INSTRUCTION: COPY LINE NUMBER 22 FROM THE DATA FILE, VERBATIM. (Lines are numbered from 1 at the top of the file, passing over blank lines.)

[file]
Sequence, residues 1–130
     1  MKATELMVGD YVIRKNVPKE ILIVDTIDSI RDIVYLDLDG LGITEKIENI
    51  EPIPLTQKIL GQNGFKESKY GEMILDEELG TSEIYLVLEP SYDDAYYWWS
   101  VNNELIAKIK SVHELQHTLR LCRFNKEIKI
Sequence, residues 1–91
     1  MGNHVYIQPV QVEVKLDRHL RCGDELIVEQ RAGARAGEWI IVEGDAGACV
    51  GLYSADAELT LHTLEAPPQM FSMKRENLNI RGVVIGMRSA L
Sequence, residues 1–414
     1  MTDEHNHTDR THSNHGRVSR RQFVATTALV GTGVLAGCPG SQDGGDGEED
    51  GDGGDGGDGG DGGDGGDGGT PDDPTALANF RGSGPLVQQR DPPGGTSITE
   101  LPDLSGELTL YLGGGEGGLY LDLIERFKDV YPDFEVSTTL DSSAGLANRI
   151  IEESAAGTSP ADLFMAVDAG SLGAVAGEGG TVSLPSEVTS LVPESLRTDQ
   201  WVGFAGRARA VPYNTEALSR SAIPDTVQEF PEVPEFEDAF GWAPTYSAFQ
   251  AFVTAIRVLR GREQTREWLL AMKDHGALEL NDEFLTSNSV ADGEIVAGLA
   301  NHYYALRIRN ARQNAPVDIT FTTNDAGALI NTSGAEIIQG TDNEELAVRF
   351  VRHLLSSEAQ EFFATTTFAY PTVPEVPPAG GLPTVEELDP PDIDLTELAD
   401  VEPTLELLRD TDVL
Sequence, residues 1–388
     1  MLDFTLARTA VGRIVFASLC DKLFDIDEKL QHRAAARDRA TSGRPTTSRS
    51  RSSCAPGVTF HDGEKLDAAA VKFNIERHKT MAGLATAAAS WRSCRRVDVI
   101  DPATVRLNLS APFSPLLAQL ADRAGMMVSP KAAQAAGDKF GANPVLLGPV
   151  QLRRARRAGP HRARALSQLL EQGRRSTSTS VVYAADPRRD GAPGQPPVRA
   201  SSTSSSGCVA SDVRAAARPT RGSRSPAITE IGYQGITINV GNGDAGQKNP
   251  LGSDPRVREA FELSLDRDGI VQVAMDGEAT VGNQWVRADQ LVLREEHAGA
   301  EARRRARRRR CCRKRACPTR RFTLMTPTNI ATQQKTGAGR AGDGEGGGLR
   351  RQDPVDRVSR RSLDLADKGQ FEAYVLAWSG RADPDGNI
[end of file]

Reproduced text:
   151  QLRRARRAGP HRARALSQLL EQGRRSTSTS VVYAADPRRD GAPGQPPVRA